Kiran Stacey Vestas’ CEO answers your questions – Part 2

Picture by Vestas

Picture by Vestas

In this week’s readers’ Q&A session, Ditlev Engel, CEO of Vestas, the world’s biggest wind turbine manufacturer, answers your questions on the future of wind power.

In the second of two parts, he talks about whether wind power is inefficient and the impact of the recession on Vestas.

Next in the hotseat is Yvo de Boer, the former head of the UN’s climate change body and the man who led the UN at Copenhagen. He is now an advisor at KPMG and will be answering your questions on this site next Friday, December 10th. Send in your questions for consideration by the end of Monday, December 6th to

But for now, over to Ditlev:

Wind inefficiency

How do you reconcile the inefficiency when there is no wind, the high installation cost, the land area they take up and their competitiveness against conventional energy sources or other wind technology or even tidal energy?
Gwylim Rhys Jones, director, MagPower Systems International

The important factor is what we call the cost of energy, in other words establishing what it costs to generate 1kwh of electricity over a given time period – let’s say 20 years.

First, it is about finding the right locations for wind turbines, and there are plenty of areas available on land. Every day of the year, wind is available to be generated into power at the altitude where turbines operate. We have mapped and analysed weather data for decades to get the right predictability.

Secondly, technology evolves. Vestas recently released our V112 turbine for low wind speed areas, starting to generate power at 3 metres per second.

And to kill a myth – wind turbines do not take up substantial areas of land – crops can be grown beneath and you do not have to drill or mine for wind. Additionally, the fuel in our case is abundant and free. From a customer’s perspective, they want a secure and stable business case.  Wind energy is competitive, predictable, independent, fast and clean.

Vestas’ expansion

Are you planning to expand your business to other power generation technologies?
Imanol Arbulu

Vestas is a pure play wind energy company. We have 30 years of experience installing more than 40,000 turbines in 65 countries. This gives us the insight and know-how to take this industry even further. Just remember that around two per cent of the world’s electricity is generated from wind turbines. We hope to see that figure around ten per cent in 2020.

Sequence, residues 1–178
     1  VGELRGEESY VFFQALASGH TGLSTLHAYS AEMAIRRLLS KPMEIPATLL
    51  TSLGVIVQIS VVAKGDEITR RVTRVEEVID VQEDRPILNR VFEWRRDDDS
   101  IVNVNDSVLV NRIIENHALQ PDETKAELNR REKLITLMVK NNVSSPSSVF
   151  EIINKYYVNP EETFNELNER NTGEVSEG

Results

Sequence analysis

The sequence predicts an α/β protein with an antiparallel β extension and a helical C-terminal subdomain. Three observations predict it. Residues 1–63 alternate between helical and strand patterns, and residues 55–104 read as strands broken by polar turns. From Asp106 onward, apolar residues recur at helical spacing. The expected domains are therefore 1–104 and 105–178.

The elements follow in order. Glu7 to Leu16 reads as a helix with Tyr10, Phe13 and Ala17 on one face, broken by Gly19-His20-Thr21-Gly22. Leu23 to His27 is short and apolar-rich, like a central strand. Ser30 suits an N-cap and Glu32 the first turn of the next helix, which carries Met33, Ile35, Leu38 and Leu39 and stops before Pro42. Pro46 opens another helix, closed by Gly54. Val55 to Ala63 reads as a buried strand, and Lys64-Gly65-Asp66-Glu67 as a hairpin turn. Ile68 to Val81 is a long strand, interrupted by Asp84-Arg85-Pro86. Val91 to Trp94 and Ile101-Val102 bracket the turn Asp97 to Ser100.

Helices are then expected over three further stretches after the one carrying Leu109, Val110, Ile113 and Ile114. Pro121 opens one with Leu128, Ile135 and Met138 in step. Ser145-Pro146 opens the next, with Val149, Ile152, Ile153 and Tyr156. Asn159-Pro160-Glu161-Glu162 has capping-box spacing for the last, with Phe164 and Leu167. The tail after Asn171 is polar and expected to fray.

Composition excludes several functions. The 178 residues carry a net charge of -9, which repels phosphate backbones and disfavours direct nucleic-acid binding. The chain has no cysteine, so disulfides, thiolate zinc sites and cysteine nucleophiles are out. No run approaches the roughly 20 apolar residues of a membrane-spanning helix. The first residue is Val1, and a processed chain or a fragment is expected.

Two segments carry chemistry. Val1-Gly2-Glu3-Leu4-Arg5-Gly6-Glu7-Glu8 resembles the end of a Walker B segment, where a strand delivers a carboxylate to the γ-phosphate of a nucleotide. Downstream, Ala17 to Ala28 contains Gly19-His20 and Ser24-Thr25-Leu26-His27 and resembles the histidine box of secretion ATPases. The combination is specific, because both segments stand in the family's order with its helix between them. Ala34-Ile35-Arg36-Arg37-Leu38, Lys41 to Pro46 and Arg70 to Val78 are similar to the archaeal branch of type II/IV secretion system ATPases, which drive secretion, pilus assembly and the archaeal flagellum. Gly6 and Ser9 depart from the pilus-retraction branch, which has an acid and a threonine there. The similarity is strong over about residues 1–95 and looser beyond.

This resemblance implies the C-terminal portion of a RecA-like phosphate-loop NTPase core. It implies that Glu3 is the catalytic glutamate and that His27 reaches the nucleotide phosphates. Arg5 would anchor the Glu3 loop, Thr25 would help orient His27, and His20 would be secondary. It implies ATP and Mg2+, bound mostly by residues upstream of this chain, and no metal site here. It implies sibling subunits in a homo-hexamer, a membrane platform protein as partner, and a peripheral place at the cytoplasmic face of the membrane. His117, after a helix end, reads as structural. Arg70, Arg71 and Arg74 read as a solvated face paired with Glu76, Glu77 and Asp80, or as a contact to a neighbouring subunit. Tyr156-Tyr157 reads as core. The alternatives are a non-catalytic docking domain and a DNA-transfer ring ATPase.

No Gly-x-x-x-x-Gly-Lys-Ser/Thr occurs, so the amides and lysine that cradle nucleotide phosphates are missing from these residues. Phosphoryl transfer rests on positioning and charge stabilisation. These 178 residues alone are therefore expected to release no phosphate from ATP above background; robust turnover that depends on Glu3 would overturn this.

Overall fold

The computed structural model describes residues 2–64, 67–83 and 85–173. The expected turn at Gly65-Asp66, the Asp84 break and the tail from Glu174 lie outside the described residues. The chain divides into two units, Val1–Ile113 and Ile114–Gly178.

Large wind turbines

Does Vestas have any offshore turbines larger than 3MW in the pipeline?
Thomas Jackson

We have announced that we will develop and launch a 6MW machine for offshore wind farms, but at this point I cannot share any more details about the technology or a release date to the public for competitive reasons.

Impact of the crisis

What has been the impact of the financial crisis on Vestas?
Ynerveau Bastien

2009 and 2010 were challenging years for Vestas as we have had to announce layoffs and reduced guidance. Wind project financiers are more worried about lending out money to our customers. This slows down the process. But we have not seen a slowdown in the interest for wind energy and our products. In fact, financiers tell our customers that they can only get financing if they choose a wind turbine manufacturer with a proven track record. You could actually say that the financial crisis is maturing the wind industry.

You could actually say that the financial crisis is maturing the wind industry

A focus on our customers, their needs and business case is now paying off, supported by an all-time high order backlog.

Shareholder value

In your Q3 2010 presentation you included a slide that stated that, “From a financial point of view it was the wrong decision not to reduce capacity in early 2010,” but “From a management point of view it was the right decision.” You followed this up by saying you owed it to your staff and that you do not regret your decision.

You are now ramping up staffing numbers and production in the US market to a level that most analysts/observers believe will be capable of supplying the 50 per cent of the expected US demand in 2011.

Can you explain how you prioritise shareholder return in your investment decisions – and if you have got this second capacity decision wrong, what kind of pressure do you think you would be under to resign given the shares are nearly 50 per cent down, year-to-date?
Tom Plinston, analyst, Matrix

Since August, when we announced our half-year results, we have noticed a lack of business momentum in Europe. We have, so to speak, been holding our breath for a very, very long time in this region – and not by accident. We felt confident that a recovery was underway here, and we wanted to be ready to avoid any loss of momentum.

But today, when almost all countries in the area are struggling to get their economies back together, we must face the fact that uncertainty – even by 2011 – will remain significant around Europe.